Former deputy director expressed his concern about the border and coastguard agency Frontex’s damaged reputation, its decision to arm officers, and its inability to stop the far-right infiltrating its ranks, amid anti-migrant movements across Europe.
Frontex is experiencing the most acute crisis in its 16-year history, being investigated by the European parliament over allegations of illegal pushbacks of migrants and refugees in the Mediterranean.
Its head, Fabrice Leggeri, who has strongly rejected the allegations, is facing calls to quit over allegations he misled the EU commission.
Gil Arias Fernández, 65, now retired, lost out on the top role to Leggeri in 2015. He admits he did not get on with Leggeri when they worked together for a year.
“Weapons are not needed for Frontex operations,” he said. “They are more of a problem than a help,” adding that the agency is vulnerable to the “alarming” rise of populism across the continent.
“From the first moment I saw that he had a perhaps excessive eagerness to change things. Maybe it was to put his personal stamp on things,” said Arias Fernández.
He said decisions made by one of the EU’s most powerful agencies had led to complicity in human rights violations.
“Frontex pains me,” he said. “Especially for the staff, because they don’t deserve what they are going through. We saw the agency as an instrument to help the member states and the migrants. These events put a dent in all that effort.
“I do not believe that the agency has proactively violated the rights of migrants, but there are reasons to believe that it has turned a blind eye.”
In January 2015, after the attacks on Charlie Hebdo in Paris, several European politicians suggested the presence of refugees among the terrorists.
When the media asked Frontex about any link between refugees and the Paris attack, Arias Fernández, a former police commissioner in Spain, told them there was no evidence.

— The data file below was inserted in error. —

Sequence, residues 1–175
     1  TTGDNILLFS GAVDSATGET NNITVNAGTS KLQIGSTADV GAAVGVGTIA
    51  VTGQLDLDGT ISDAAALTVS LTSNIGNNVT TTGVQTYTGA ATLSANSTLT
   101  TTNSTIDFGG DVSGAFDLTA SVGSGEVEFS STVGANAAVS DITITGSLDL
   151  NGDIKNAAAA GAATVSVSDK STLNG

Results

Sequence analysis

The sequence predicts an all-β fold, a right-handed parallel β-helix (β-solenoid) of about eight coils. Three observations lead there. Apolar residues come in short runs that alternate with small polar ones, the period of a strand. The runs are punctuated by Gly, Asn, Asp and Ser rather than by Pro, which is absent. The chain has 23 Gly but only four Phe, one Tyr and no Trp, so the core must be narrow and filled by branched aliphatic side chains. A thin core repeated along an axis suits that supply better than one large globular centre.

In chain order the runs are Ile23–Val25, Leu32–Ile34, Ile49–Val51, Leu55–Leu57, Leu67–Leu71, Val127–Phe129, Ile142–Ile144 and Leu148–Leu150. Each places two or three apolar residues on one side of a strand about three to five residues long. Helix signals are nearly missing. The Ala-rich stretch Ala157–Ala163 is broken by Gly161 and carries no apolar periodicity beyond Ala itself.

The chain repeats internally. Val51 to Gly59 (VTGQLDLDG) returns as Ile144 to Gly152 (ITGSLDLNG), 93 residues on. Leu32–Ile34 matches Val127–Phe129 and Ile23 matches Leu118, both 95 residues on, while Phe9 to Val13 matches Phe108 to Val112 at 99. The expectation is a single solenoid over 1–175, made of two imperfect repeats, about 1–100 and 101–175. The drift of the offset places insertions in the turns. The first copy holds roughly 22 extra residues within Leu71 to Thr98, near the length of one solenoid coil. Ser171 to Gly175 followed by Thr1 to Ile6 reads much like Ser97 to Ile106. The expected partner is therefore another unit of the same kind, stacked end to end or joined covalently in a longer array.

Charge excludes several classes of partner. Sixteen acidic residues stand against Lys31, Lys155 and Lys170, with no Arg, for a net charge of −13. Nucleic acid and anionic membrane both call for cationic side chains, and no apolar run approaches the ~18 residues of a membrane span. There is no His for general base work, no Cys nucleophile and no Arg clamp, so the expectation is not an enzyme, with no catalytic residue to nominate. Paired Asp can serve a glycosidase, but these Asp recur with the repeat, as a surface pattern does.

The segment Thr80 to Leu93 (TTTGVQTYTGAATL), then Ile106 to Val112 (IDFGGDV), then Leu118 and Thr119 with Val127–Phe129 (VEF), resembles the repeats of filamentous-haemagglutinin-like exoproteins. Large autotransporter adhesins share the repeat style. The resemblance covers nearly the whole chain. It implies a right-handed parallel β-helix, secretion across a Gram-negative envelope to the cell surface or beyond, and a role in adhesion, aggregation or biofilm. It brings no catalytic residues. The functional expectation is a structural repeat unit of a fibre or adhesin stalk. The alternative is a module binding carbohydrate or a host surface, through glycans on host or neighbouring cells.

Arias Fernández believes this cost him the director’s job.
The political pressure made the job a tough one, Arias Fernández said. “There is a lot of pressure on the part of certain states to put their people in positions of responsibility. Whether the agency is headed by a Frenchman or a Finn may determine whether there is more or less sensitivity to migration problems. The agency is independent, but ‘independent’ should be put in quotation marks because without a fluid relationship with the [European] commission, you have a hard time.
“Operations have always been conducted unarmed and there have never been any problems. In operations where Libyan tribal clans smuggling migrants shot in the air to frighten the patrols, even there it was not considered appropriate to carry weapons. In this case, weapons are more a problem than a help. The proposal of carrying weapons came from the European Commission, which I do not know to what extent is influenced by lobbyists in Brussels.
“There is no filter in the recruitment system. You cannot prevent people with extremist ideas from entering, unless they clearly express their position in favour of hate crimes, xenophobia and racism.”
Arias Fernández pointed to the dearth of human rights training for Frontex officers. “But lack of information should not be used to justify certain things,” he said. “The incidents under investigation were carried out by Greek units following the instructions of their commanders.
He said he appreciated borders needed a certain level of security to know who was entering but added that immigration was vitally important for the survival of all European states.
Arias Fernández said the lack of migrants being allowed into Europe would have a severe economic impact amid an ageing workforce: “Who will pay the pensions of the growing number of pensioners?”
A Frontex spokesman denied the agency ignored migrants’ rights. “The executive director of Frontex has written several letters to the Greek authorities to address incidents that raised his concerns. Two inquiries, including one that was conducted by representatives of national authorities and the European Commission, have found no evidence of violations of human rights in Frontex operations in Greece.” (Source: The Guardian)